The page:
A local’s guide to the best biking around Salzburg, Austria
Though Salzburg often steals the show with its hilltop fortress and musical legacy, leave the city buzz behind and find the real pulse of the Alps on two wheels.
Fringing the Hohe Tauern National Park, where Austria’s mountains punch the highest, the Grossarltal valley is patchworked with the kind of cowbell-swinging, wildflower-freckled Alpine pastures that drove Maria to yodelling raptures in The Sound of Music. The best way to see them is by bike: be it a gentle pre-breakfast pedal amid sun-dappled forests or a pulse-quickening mountain bike adventure to a quaint Alpine hut.
With 87 miles of waymarked trails right on its doorstep, Das Edelweiss Mountain Resort is the ideal base for fine-tuning a two-wheeled adventure. In the capable hands of the Hettegger family since 1977, the hotel is brilliantly geared up for cyclists, with a bike wash, a repair service and a luxurious spa for a post-saddle soak. From Monday to Saturday, you can even hook onto free mountain and e-biking tours led by the family themselves. Karin and Hans Hettegger have been qualified Austrian Mountain Bike Guides since 2014 and still relish the opportunity to introduce their guests to the region’s best routes, winding past meadows, forests, looking-glass lakes and up to one lovely Alpine hut after the next. Here, we delve into some of their all-time favourite Salzburg cycling spots.
1. An adrenaline-fuelled MTB ride to Aualm
Distance: six miles, 1¼ hours (one way)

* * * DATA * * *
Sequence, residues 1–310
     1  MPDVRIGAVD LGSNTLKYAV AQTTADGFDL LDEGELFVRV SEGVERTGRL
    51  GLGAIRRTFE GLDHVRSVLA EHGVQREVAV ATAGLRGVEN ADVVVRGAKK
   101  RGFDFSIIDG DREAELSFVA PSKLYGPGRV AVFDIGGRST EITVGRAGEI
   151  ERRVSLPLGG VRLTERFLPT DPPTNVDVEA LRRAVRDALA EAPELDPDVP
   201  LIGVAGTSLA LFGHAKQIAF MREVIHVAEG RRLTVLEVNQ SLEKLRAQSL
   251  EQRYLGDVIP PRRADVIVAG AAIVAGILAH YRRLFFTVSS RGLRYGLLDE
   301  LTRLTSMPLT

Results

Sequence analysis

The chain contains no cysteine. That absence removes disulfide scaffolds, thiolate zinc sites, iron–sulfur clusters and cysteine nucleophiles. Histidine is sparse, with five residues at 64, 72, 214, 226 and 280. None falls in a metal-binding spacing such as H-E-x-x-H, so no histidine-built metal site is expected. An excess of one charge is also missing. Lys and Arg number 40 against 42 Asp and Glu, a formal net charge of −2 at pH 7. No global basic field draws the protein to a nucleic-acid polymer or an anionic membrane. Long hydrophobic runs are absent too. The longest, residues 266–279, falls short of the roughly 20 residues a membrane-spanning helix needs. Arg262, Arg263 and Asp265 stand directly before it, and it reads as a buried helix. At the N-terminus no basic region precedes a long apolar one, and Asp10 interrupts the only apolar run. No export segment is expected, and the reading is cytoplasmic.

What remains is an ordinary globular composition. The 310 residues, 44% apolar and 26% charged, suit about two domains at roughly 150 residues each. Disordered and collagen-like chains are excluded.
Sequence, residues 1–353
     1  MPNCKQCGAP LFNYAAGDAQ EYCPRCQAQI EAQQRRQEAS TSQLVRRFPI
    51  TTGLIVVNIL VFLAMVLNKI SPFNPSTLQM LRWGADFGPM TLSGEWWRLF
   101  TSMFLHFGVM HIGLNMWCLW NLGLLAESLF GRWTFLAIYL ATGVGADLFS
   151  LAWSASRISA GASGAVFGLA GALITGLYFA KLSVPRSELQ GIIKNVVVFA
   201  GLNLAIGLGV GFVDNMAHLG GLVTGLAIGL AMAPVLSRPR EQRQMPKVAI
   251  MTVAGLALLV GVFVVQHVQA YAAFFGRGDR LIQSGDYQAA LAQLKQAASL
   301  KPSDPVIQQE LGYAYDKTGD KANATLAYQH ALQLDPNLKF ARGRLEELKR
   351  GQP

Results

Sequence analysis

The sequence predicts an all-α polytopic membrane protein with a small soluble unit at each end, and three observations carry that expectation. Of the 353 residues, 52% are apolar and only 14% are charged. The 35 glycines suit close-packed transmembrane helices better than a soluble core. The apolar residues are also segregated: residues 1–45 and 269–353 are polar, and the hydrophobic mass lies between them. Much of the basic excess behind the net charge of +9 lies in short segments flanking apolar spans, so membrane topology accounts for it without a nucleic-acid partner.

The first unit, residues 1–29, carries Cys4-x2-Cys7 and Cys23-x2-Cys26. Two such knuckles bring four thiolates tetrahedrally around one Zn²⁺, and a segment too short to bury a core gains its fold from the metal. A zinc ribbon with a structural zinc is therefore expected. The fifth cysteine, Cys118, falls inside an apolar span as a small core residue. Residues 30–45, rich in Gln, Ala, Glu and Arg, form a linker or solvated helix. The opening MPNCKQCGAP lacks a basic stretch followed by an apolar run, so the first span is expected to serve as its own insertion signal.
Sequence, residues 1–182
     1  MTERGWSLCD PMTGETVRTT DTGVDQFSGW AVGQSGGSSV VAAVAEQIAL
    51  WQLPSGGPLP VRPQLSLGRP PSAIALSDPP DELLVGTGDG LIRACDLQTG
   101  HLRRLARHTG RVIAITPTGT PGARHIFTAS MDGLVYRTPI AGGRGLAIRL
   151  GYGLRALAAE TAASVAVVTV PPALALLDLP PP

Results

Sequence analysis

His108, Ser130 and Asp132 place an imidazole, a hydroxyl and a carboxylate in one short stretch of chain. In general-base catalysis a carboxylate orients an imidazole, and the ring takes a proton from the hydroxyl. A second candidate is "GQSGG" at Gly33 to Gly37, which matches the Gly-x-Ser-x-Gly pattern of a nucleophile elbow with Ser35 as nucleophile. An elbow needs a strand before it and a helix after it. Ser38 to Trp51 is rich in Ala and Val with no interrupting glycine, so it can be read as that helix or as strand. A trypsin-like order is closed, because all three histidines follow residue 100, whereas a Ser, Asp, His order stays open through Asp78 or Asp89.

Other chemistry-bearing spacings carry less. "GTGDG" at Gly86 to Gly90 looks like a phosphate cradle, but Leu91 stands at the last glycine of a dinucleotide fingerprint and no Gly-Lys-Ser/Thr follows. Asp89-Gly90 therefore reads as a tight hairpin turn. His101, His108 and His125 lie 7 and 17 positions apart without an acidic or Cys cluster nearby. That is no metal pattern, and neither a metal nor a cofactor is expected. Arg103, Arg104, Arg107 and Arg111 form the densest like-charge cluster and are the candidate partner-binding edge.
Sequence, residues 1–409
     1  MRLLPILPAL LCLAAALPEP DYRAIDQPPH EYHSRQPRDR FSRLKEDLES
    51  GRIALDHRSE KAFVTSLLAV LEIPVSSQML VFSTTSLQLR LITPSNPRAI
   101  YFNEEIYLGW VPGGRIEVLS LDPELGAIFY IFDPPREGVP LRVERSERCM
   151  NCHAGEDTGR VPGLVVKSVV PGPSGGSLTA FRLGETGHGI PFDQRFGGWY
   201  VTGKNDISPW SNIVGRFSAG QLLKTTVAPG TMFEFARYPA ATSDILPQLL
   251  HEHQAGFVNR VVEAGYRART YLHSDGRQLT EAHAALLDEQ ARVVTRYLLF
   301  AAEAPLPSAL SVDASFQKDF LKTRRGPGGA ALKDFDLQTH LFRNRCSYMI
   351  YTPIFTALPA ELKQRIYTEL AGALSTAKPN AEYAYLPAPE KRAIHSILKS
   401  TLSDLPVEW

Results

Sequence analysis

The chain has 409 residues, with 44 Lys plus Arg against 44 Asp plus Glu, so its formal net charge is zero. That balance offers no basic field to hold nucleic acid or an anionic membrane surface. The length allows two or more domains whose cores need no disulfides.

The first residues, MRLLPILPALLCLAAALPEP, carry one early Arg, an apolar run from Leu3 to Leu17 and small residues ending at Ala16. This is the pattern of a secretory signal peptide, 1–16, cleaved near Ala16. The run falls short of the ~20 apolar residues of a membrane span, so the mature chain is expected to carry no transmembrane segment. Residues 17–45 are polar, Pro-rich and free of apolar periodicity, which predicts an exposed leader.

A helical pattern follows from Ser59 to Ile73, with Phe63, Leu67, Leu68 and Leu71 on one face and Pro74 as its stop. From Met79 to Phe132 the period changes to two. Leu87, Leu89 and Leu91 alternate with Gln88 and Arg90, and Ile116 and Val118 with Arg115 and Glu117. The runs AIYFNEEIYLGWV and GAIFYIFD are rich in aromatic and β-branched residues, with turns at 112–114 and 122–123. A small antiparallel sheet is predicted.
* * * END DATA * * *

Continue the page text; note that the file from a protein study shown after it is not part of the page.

If you’re looking to ramp up the challenge and the gears, this heart-pumping mountain bike ride up to Aualm thrills. Kicking off in Grossarl, you’ll need to negotiate almost 3,000ft of ascent, but boy is it worth it for the views you’ll enjoy. Grossarl itself is storybook stuff, with its onion-domed church dwarfed by seriously high peaks. Pedalling out to the district of Unterberg, you’ll climb up past spruce forest and timber chalets to Rattersberghof, where an inviting mountain-facing terrace offers the perfect spot to catch your breath. Phenomenal views of the Grossarltal unfold as you push higher on forest tracks past rambling farms, to emerge at almost 6,000ft-high Aualm, where animals graze happily in the sunshine. Snag a table at this organic farm, which is run by the Lainer family, and dig into homemade bread, butter, bacon and cheese.
2. A gentle pedal to Otzlsee
Distance: 10 miles, 1 hour (one way)
If you like your Alpine views without the uphill slog, this family-friendly cycle trail is the dream — a largely flat route shadowing the fast-flowing, startlingly turquoise Grossarler Ache river. Begin at 3,350ft above sea level in the upliftingly pretty village of Hüttschlag. A magnet to rock climbers, Hüttschlag guides the eye ever higher: from timber chalets to hilltop churches and forested peaks — some still snow-capped long into spring. In summer, the meadows are a riot of wildflowers, including hot pink Alpenrosen (Alpine rhododendrons). You’ll pass chapels and pastures as you wheel over to Talwirt, where you can stop to try freshly churned ice cream and home-smoked ham. Look out for chamois, red deer and mouflon sheep as you zip past local farms and on to the trail’s end at Ötzlsee, a glassy green lake embedded deep in the forest. On the way back, stop at Bauernladenstüberl for a glimpse of cheese being made at the dairy and to sample specialities infused with Alpine herbs and wild garlic.